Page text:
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Mentors spread priceless influence
By AILEEN CHARLESTON, The Mirror
What began as a conversation about empowering middle school male minority students to meet academic standards has turned into a yearly ritual.
For three years, leaders throughout the community, with support from the Federal Way School District and Communities in Schools, have given life to the Heritage Leadership Camp. These leaders volunteer to inspire and motivate students of color in grades six through eight to excel in their everyday life, high school and beyond.
Students that were showing an interest in having role models that they could identify with and receive that extra support and mentoring were the ones selected for his program, said Trise Moore, Family Partnership Advocate.
The program consists of three full-day leadership camp sessions spread throughout the school year. A total of 60 students are divided into four groups led by two mentors each. Students are taught subjects such as conflict resolution, team building, goal setting and communication.
The popularity of the program has earned the Federal Way School District recognition from the Office of Superintendent of Public Instruction.
A video called Successful Schools: Families Matter, created by the Center for Improvement of Student Learning and OSPI, highlights the Heritage Leadership Camp as one of the three most promising family and community partnership programs in Washington state.
Leaders from every professional area take off three days of the year to serve as mentors to students who need to reach their leadership potentials.
Every mentor organizes classroom activities that consist of interactive exercises where students explore hands-on steps to becoming successful leaders.
Heritage Leadership Camp mentor Jerry McClains group focused on teaching students how to tie a tie, due to the ties representation of leadership in the business world.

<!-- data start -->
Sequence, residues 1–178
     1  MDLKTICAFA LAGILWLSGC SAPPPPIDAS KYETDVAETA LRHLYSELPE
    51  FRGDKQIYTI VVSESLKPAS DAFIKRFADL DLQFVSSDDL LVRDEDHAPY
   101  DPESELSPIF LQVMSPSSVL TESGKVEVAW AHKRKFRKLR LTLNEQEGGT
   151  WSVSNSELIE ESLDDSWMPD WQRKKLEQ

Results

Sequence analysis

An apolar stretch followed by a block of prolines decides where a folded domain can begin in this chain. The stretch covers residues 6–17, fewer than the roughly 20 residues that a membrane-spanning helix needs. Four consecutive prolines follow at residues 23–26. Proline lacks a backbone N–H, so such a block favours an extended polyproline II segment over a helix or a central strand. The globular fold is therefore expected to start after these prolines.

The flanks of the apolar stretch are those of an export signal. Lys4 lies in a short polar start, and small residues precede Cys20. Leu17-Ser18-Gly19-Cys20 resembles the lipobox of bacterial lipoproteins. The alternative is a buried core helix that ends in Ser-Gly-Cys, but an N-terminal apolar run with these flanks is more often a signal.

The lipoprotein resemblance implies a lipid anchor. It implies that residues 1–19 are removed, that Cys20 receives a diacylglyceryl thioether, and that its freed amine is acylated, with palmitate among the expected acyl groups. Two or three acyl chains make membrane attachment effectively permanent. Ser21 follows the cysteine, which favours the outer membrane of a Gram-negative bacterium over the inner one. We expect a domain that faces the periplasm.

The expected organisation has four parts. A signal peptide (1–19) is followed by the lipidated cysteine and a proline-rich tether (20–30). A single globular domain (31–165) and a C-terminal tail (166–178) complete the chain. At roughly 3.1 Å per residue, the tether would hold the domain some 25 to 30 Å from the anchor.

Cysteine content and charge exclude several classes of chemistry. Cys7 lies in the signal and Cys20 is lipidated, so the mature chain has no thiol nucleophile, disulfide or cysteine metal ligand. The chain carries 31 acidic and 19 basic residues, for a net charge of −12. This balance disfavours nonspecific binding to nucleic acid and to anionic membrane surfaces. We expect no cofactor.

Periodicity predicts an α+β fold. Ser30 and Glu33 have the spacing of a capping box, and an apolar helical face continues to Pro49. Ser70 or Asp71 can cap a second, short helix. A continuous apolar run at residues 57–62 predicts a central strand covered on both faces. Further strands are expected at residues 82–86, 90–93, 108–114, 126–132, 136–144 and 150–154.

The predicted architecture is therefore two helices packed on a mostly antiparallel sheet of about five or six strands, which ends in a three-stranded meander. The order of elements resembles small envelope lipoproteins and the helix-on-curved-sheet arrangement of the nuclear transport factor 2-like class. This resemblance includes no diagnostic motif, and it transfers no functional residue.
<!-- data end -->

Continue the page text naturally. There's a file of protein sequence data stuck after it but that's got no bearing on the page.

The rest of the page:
We have to teach our kids that they cant be a victim of circumstances, and lead by example, McClain said.
Mentors pick one day throughout the semester to surprise students by visiting them during lunch. They talk about goals the students have made and how those goals have been applied.
The volunteer mentors recognize that they were able to accomplish their goals partly because of people who guided them through the path of success. In turn, these men wish to set the same example for younger generations.
Eartha Wallace, a mother of an eighth-grader who has attended the camp since the sixth grade, donated money from her own pocket in order to buy plaques for the mentors as a sign of gratitude for all their work.
What these men do for our children is priceless, Wallace said. You can only see the results of this.
Frederick Smallwood, an eighth-grader at Totem Middle School, said that he has learned how to gain and give respect since hes been in the program, but the most important thing he has learned is how to control himself.
I got to where I am in my life because of the people along the way who directed and encouraged me, camp mentor Roger Freeman said.
These kids cant get there unless they get the support they need, and when kids are successful the community is successful, Freeman said.
Contact Aileen Charleston: firstname.lastname@example.org.